HONOLULU (KHON2) — Momentum is building to widely expand mandatory ethics training and further crackdown on influence-peddling in the wake of high-profile corruption cases.

All state employees and public officials would have to complete ethics classes upon hire or election and again every four years. That’s tens of thousands more people than are required to do it now.

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Lawmakers facing federal charges on corruption were already required to do it.

The Hawaii State Ethics Commission takes in thousands of complaints and inquiries every year. They can’t say if they handled tips about former Kalani English or Ty Cullen, the two lawmakers whose lawyers say will plead guilty on charges affiliated with bribery schemes. But they tell us most state workers are trying to keep things above board.

“A majority of the complaints that we do get typically are coming from existing state employees who are calling out something that they see or they think is incorrect,” said Ethics Commission Executive Director Robert Harris.

A bill up for hearing on Friday (HB1475) would widely expand mandatory ethics training to include all state workers. Right now, folks like lawmakers are required to sit through live training every two years.

The new plan would enlist online modules — currently optional — to reach everybody else as a mandate. The watchdog agency sees an upside for employees new and old.

“Sometimes you can get into the status quo of ‘this is just the way we’ve always done something’ that upon reflection or objectively looking at it, that’s not really the ethical way to behave,” Harris said. “Refreshers, reminders, understanding the complexity of the law and how it applies to you is really critically important.”

The Ethics Commission processes dozens of advisory opinions, investigations and judicial decisions annually. Harris said if they find a legal line may have been crossed “we do work very cooperatively with the state Attorney General’s office. If there’s a federal matter, we work closely with the U.S. Attorney’s Office as well.”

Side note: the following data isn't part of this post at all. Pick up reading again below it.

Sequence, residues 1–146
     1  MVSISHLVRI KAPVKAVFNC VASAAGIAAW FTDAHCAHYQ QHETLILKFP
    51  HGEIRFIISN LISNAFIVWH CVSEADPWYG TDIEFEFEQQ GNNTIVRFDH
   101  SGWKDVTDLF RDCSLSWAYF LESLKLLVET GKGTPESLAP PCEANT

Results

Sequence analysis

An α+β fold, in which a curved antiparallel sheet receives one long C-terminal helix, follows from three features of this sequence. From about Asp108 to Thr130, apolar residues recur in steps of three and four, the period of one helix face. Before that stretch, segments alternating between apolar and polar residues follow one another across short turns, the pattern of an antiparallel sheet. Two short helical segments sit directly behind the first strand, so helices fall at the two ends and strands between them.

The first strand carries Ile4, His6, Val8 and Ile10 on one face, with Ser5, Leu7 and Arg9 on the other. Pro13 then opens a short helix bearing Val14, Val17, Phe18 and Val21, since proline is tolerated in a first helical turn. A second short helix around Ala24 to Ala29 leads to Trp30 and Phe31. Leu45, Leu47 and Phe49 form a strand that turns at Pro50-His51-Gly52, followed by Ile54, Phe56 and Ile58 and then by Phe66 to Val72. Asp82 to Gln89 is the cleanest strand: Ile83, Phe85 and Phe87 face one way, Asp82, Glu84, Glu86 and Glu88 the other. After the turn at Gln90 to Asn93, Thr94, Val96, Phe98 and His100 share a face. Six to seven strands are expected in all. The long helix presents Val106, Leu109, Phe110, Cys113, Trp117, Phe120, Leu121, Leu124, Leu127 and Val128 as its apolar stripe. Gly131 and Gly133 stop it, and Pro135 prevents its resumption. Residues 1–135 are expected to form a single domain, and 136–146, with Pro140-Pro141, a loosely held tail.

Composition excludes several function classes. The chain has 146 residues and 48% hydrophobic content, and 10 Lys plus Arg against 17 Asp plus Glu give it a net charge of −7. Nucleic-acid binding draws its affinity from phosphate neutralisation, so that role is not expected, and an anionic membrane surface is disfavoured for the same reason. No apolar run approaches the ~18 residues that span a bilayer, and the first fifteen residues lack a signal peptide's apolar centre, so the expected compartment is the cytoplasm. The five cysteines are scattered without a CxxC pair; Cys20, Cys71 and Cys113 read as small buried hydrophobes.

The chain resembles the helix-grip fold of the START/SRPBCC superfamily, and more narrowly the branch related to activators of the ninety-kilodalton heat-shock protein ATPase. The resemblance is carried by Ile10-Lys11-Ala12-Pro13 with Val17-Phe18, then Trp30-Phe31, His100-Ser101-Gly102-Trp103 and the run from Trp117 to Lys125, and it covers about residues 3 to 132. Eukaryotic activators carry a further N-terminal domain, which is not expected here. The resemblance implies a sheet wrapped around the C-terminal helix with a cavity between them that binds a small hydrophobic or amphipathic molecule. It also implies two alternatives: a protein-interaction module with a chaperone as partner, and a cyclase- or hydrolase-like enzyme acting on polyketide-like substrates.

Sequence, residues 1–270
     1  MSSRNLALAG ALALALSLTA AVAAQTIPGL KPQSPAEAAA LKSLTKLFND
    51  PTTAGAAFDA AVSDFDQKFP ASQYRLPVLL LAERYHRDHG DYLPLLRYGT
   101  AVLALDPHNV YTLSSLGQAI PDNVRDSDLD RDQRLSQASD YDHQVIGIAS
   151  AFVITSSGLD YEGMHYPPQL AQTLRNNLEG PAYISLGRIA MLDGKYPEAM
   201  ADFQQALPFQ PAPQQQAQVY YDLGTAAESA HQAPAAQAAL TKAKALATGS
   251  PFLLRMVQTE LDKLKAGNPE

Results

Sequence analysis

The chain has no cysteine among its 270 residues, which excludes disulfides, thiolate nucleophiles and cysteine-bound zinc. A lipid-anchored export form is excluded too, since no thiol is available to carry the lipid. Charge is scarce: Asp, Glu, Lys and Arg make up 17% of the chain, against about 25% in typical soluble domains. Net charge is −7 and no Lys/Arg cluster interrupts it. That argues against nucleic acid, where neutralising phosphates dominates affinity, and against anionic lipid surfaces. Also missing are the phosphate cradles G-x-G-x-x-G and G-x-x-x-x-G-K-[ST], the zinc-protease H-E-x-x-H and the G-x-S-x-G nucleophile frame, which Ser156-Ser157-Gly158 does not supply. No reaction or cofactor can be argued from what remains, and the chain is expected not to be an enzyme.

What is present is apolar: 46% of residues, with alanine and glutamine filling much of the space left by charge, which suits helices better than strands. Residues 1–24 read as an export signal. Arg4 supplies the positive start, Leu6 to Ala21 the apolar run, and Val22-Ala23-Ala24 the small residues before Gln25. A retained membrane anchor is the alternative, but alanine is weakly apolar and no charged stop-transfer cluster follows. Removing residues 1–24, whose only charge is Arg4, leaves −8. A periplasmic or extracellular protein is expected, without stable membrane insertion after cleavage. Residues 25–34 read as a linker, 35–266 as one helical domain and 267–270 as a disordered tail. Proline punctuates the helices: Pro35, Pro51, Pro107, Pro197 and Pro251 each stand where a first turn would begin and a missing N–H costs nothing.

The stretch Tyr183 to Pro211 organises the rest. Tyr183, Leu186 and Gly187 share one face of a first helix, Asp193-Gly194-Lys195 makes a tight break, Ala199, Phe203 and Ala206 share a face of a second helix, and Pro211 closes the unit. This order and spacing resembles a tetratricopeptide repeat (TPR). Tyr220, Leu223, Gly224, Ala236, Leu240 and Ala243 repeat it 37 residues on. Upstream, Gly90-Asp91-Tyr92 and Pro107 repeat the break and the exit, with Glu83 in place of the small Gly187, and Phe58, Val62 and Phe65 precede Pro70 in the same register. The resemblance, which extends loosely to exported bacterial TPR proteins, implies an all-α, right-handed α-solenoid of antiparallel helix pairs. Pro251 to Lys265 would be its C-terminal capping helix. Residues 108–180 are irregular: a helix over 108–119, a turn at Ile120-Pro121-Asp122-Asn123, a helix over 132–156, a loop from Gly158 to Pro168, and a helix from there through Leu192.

English and Cullen were accused of taking travel, food, casino chips and cash for favors to a cesspool contractor.

“No one should take money from people to advance a particular agenda,” said Sandy Ma, executive director of Common Cause Hawaii. “We have a gift culture in Hawaii. But certainly, that crossed the line here, and we should not, as an elected official, be asking for gifts in order to do the public good.”

Hawaii’s gift laws allow only tokens they call “gifts of aloha.” Some travel stipends are okay if they meet a state purpose.

“Plainly under the gifts law, you’re not allowed to take envelopes of cash,” Harris said. “With the administrative rules that passed about two years ago, lobbyists, people who are in contested case hearings, somebody who is a regulated entity is not allowed to give a gift essentially, except for few small exceptions, like gifts of lei or something that is sort that is nominal or perishable.”

Ethics training is about more than just what you can get and give. There are also rules about fair treatment, conflicts of interest, state contracting and post-employment restrictions among other potential pitfalls.

“It gets really down to the viability of government,” Harris said. “If we don’t believe that everyone will get it or shake, then at some point people start questioning whether or not government is for them, and that’s the type of situation we really want to avoid.”

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“The Hawaii state constitution specifically has an article set aside for ethics,” Harris adds. “We’re the first state in the country that created an ethics commission. But we also have to make sure we’re actually following what the constitution requires.”